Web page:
public suffixes list

I noticed the new site publicsuffix.org that has been setup by the mozilla organization in an attempt to list public suffixes for all TLDs in the world, to basically know how to prevent sites from setting cookies that would span over just about all sites under that "public suffix".

While I can see what drives this effort and since we have the same underlying problem in curl as well, I have sympathy for the effort. Still, I dread "having to" import and support this entire list in curl only to be able to better work like the browsers in the cookie department. Also, it feels like a cat and mouse race where the list may never be complete anyway. It is doomed to lack entries, or in the worst case list "public suffixes" that aren't any such public suffixes anymore and thus it'll prevent sites using that suffix to properly use cookies...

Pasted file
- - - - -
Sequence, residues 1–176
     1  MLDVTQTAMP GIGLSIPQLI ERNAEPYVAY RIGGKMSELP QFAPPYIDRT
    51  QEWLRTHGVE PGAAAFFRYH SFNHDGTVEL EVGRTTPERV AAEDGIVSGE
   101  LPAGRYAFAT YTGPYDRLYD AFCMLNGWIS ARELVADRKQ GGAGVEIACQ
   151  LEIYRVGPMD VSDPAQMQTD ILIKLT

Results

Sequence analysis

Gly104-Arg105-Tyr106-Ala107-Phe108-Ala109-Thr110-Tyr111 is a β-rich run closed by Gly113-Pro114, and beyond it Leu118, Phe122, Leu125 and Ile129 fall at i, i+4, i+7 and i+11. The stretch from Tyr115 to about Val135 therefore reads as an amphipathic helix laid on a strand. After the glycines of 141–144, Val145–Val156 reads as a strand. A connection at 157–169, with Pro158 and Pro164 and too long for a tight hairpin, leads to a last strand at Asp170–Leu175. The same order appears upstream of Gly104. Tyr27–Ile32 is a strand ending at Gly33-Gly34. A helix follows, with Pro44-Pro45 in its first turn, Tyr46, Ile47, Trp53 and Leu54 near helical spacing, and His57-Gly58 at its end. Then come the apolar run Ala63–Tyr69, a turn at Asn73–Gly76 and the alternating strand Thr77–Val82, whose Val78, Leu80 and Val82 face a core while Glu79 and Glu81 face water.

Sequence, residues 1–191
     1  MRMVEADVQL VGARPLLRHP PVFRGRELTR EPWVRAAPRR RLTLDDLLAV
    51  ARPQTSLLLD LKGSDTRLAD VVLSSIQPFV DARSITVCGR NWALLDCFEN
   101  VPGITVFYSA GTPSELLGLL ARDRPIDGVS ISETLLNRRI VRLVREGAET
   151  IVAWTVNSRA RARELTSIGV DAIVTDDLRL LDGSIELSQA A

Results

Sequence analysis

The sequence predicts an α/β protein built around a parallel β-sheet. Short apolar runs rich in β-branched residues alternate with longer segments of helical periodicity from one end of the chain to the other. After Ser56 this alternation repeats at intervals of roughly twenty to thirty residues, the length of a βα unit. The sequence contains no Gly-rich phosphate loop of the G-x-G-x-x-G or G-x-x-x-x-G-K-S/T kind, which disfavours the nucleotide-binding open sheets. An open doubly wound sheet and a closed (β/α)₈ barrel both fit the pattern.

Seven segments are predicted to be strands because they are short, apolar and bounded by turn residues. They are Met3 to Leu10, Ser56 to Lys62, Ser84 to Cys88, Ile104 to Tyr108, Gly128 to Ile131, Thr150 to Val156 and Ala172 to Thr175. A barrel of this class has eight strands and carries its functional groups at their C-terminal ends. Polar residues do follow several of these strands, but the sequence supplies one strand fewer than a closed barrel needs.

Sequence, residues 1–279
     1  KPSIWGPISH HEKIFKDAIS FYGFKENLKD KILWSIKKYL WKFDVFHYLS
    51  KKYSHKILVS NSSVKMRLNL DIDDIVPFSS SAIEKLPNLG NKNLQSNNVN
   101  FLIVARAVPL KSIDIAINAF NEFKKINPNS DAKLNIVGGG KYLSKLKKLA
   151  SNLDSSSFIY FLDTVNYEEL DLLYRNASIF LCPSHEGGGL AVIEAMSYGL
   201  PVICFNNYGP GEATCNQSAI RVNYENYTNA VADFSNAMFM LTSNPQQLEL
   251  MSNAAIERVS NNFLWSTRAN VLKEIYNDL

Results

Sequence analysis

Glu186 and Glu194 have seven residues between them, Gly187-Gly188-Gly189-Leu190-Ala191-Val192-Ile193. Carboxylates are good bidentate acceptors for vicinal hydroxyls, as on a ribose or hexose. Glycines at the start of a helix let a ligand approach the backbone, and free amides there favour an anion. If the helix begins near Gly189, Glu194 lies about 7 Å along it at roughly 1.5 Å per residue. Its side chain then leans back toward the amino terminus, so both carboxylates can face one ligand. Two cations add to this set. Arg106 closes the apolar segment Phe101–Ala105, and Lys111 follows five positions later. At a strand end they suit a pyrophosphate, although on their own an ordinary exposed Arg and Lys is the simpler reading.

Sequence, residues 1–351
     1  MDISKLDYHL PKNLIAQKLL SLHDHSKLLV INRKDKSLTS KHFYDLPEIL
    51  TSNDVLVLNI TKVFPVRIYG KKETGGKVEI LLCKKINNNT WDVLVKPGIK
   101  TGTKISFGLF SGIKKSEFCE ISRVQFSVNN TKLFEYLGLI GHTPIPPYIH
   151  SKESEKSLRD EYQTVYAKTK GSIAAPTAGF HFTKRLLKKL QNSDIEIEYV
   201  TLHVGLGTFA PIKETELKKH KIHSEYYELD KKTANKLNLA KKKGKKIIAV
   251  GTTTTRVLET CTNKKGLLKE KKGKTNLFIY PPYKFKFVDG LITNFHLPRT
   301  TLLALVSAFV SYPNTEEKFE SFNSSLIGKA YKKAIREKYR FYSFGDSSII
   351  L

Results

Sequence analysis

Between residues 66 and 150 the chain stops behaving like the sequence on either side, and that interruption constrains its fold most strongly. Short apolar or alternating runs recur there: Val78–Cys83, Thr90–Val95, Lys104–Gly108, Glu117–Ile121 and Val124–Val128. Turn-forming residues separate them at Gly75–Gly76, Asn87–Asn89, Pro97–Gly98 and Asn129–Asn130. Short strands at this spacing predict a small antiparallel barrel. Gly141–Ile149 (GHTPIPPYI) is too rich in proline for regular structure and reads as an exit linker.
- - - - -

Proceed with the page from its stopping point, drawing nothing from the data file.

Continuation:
There's no word on the site if IE or Opera etc are going to join this effort.

Update: there are several people expressing doubts about the virtues of this idea. Like Patrik Fältström on DNSOP.

The IPv6 failure being joined by DNSSEC?

In case you haven't read it before, Randy Bush's 55 page PDF slide show named "IPv6 Transition & Operational Reality" is a harsh (but quite accurate) description of how the IPv6 protocol was made, where some of its major problems lie and why the transition is going so slow etc.

I tried to find some official and recent figures or statements from some of the more IPv6-positive people and companies, but I failed to find much updates from after the year 2000 or so...

Speaking of network things that aren't so successfully deployed: DNSSEC. Apparently iis.se (runs the Swedish TLD) tested 10 broadband routers (article and PDF in Swedish only) how well they support this (I believe mainly because .se tries to be a pioneer in DNSSEC), and 7 of the tested ones failed... Personally I've never liked the fact that DNSSEC isn't really crafted to do it securely all the way.